The production Novena laptop as envisioned by designer Bunnie Huang has an open-top layout with plentiful ambient air exchange. This means that a simple, passive heat exchanger mounted to the top of the CPU is adequate to the task of cooling the system. But when Bunnie and I first discussed the Heirloom design, we came to the conclusion that it would be a slightly more conventional clam-shell type layout.
In order to maintain the desired access to the system hardware, a portable Bluetooth keyboard was chosen to incorporate into the design. I integrated the keyboard into the Heirloom design by nestling it into the standard keypad location found in a typical laptop configuration. In this position, the keyboard hovers immediately above the CPU on the system board. The area behind the keyboard is occupied by a rear panel that includes the speakers, system switches and a lid closure sensor. This setup effectively seals up the enclosure so that ambient air is no longer sufficient for CPU cooling.
Initially, the task was left to me to find a way to resolve the cooling issue. Bunnie and I agreed it would be worthwhile to pursue a passive approach and avoid the use of a noisy, watt-hungry and space-hogging fan. I began research in earnest and eventually found my way to a handful of companies specializing in CPU cooling systems. Correspondences with those firms led me to a lengthy round of dialog with engineers over how to manage the passive approach to the problem. This, combined with the quest for proper hinges for the case, became the major issues in the early development of the Heirloom design.
With this passive cooling idea in mind, I designed the speaker mounting arrangement so that there was a potential dual-use aspect to the speaker holes. The speakers are shock-mounted at a small distance below the Dieter hole array so that air flow through the same holes could potentially serve as supply air when the LCD is in the open position.
An early prototype enclosure housing also included an experimental array of slots in the bottom to facilitate this top down air flow approach I came to appreciate from conversations with CPU cooling system engineers.
Many approaches were considered including “finning” the left side plate and connecting it to the CPU with a pair of heat pipes. This mass of aluminum at either side of the Heirloom enclosure seemed the logical candidate to dissipate heat from the system.The short length of attachment area available for the termination of the heat pipes effectively eliminated this idea. The fins may or may not have appealed . . .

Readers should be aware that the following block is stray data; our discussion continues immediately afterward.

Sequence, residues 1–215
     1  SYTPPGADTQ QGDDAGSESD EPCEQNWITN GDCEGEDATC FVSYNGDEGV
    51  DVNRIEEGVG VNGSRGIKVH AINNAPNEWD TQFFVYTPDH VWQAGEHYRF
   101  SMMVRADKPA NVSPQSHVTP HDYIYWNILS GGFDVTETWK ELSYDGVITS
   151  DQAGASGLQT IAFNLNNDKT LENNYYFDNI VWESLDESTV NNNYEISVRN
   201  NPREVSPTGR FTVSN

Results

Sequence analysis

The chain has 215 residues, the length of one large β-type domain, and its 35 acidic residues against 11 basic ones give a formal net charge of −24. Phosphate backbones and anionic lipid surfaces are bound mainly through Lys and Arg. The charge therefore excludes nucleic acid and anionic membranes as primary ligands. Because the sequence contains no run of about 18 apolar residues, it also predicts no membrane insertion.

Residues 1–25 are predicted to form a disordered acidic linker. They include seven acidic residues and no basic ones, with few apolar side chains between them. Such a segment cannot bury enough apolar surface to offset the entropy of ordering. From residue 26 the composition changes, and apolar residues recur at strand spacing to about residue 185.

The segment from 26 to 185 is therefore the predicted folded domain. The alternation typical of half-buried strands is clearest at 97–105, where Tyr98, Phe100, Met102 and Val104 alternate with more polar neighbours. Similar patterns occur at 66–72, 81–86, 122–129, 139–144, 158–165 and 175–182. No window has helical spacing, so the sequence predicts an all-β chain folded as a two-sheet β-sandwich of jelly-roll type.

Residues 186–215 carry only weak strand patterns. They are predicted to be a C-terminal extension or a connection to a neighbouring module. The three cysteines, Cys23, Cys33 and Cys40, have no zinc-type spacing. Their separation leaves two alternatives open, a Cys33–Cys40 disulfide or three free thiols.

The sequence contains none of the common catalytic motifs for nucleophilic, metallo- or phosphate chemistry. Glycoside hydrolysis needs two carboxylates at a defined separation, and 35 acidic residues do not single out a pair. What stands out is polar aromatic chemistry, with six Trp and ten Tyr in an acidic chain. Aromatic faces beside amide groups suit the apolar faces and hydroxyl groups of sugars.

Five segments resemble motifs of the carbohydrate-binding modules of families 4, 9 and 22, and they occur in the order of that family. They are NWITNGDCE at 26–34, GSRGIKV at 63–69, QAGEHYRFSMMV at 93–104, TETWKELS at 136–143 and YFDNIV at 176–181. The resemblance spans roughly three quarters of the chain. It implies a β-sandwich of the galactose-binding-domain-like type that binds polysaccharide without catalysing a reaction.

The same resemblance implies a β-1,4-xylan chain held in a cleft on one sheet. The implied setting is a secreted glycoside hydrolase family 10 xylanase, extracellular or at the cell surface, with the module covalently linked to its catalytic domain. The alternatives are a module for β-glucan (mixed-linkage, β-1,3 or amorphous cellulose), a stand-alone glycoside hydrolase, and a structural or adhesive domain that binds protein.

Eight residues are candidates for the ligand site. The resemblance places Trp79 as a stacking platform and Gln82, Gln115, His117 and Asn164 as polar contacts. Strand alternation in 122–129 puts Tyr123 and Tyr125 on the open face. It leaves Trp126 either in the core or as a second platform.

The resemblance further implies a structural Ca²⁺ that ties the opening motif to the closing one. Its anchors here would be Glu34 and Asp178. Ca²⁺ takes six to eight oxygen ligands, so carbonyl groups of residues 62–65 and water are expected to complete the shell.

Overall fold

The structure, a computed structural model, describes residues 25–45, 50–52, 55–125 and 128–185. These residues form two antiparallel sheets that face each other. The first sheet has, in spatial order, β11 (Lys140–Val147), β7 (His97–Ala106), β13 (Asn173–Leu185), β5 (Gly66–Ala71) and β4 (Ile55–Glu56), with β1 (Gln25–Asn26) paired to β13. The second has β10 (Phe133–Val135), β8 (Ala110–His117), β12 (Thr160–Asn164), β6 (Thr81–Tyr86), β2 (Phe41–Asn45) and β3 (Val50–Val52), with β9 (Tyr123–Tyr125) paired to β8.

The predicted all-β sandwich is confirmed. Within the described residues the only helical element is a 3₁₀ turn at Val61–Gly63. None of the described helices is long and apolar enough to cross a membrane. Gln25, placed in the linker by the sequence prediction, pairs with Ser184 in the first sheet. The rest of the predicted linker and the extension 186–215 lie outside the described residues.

The apparently obvious choice of the right side plate, with an uninterrupted surface to accept the heat pipe connection, was seen as too far away from the CPU for an effective solution.
I pushed through several other concepts punctuated by lengthy dialog with engineers including using an off-the-shelf heat sink material running along the back edge of the enclosure. The inability to provide a top to bottom air flow path through this heat sink proved to be its demise.
In the midst of this lengthy round of dialog over heat management using a passive approach, I was introduced to a new product promising to provide an interesting middle ground between passive and active solutions. A company acquired by Aavid, one of the firms whose engineering staff was very helpful, was developing a low-current, diaphragm style pump with a very small footprint. It is intended to be used with a typical on-CPU heat sink by enhancing the flow across it when ambient air is insufficient to maintain desired temperatures. Unfortunately, ongoing production issues have stalled the release of the product so I was never able to acquire one for testing.
My last attempt was an implementation of what one engineer described as a cold plate. This entailed using the peek plate as a mass for pulling heat from the CPU into the peek plate whose perforated surface would then serve to dissipate heat. One engineer indicated that this was a potentially useful solution. Another stated that it wasn’t technically a cold plate since there no fluid flow involved. And it does not address the issue of what to do with accumulated heat in the enclosure or even if that is actually an issue. I think I may still try it out at some point and see how it works.
So with the clock still ticking (yes, I’m old enough to remember that), I decided to consult with Bunnie and see if he might have some alternative thoughts about solutions to the challenge. After a quick update, he suggested that we might look at a fan-based solution. An upcoming trip to China would have fan-shopping added to the list.
Once again, I looked at various options for placement of fans, heat pipes and heat sinks and consulted with Bunnie. With the hinge issue still unresolved, it began to fall on Bunnie to come up with a plan while I wrestled with that.
NEXT: Designing a fan-based cooling system foe the Heirloom.